Unlike other countries in the world, the United States allows mineral rights to be sold separately from surface rights to individuals or corporations. In other nations, governments typically claim minerals that exist underground. U.S. lawmakers passed the General Mining Law in 1872 to encourage settlers to move out west. Today, the 19th century measure still rules the land, read more about how this could impact your property rights.
Sorting Out Mineral Rights
Do you own the mineral rights to your land? Many landowners have no idea. Usually, you assume you do, unless mineral rights have specifically been excluded from the sale.
However, this can become tricky. Many deeds fail to include this information. Still others may convey mineral rights, but may be incorrect.
Any previous land owners, dating back to the original land grant, may have withheld the transfer of a property’s mineral rights.
The only way you can be absolutely positive is to research historical deeds and property records carefully and thoroughly. Mineral-rich states where land owners need to be particularly alert because of the abundance of oil, gas, coal, gold, silver and other precious minerals include Texas, Oklahoma, Pennsylvania, Louisiana, Colorado and New Mexico. The so-called mineral estate and the surface estate commonly get separated in these states.
Conduct a Search of Property Records
Many states, including Texas, do not follow the Public Land Survey System or PLSS. This surveying method developed in the United States plats or divides up real property for sale. Instead, Texas uses the old British metes and bounds system. This lists the block, lot number and subdivision name where you can find the property.
It can be very difficult and time-consuming to determine ownership of mineral rights through a public records search. It requires finding all the times mineral rights changed hands. Sometimes gaps in the records exist, requiring you to search other public records. You must follow all the transactions to confidently determine who owns what today.
Because of its complexity, you may want to hire professionals to “run title” on mineral ownership and write an opinion. Although this may be costly, it will likely allow you to more quickly put together your property records and clearly determine who owns the mineral rights.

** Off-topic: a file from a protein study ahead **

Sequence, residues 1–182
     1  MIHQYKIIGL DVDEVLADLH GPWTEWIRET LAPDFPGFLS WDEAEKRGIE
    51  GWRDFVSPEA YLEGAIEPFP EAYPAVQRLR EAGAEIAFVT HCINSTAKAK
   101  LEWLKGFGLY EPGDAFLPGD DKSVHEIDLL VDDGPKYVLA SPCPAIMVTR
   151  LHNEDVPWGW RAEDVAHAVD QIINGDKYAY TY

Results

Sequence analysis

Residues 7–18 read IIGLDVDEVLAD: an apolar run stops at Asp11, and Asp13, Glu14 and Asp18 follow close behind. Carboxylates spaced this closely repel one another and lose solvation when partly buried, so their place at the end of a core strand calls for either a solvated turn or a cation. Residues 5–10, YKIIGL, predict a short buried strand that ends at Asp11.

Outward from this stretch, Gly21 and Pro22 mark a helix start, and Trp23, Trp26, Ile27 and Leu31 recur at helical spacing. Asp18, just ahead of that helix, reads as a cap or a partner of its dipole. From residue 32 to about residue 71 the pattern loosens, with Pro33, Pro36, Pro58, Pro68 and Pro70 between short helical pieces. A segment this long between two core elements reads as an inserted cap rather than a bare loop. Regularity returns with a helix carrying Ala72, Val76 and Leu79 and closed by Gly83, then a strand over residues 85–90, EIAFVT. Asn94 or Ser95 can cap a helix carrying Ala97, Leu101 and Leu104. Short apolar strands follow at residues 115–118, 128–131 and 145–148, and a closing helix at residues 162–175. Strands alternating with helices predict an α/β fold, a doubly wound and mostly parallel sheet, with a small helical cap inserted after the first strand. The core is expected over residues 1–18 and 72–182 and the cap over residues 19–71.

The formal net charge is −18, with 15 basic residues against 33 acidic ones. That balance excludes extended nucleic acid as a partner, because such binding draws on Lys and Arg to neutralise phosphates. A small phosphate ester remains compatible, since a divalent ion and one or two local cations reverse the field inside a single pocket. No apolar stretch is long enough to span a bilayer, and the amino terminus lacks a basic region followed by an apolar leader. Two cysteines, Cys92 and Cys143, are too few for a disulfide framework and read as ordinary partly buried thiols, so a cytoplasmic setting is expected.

Additionally, you or your representative can search a counties’ property records online for a small fee. It can save time and be more convenient than showing up to the county clerk’s office to do your search.
One other thing we should alert you about. During your search, you may come across royalty deeds. These are different from mineral deeds. It means you have the right to receive royalty payments if minerals are actually produced.
How Do You Profit From Mineral Rights
If after all of your research you discover you own the mineral rights to your property, then you can sell them or lease them and earn royalties. Make sure to have an experienced attorney review the language.
If you learn someone else owns the mineral rights on your land, you can still profit. Companies often provide compensation for any property damage they cause. For example, drilling, completing and producing oil or gas wells generally damages three to 10 acres. Make sure to review your state’s law.
Additionally, negotiate a payment that not only covers your current losses, but your future ones, too. Turn to Paramount Property Analysts experts, who can give you an accurate mineral valuation and help you make important decisions about your mineral interests. Knowing their true value can help you get your financial picture in order.
Paramount Property Analysts Offers Mineral Appraisal Services
When you’re ready for an accurate valuation of the minerals in your land, give us a call. Our certified and experienced team have earned praise from our extensive list of clients in Texas and throughout the South. We look forward to helping you with mineral valuation, property taxes, estate planning and other such services you need today!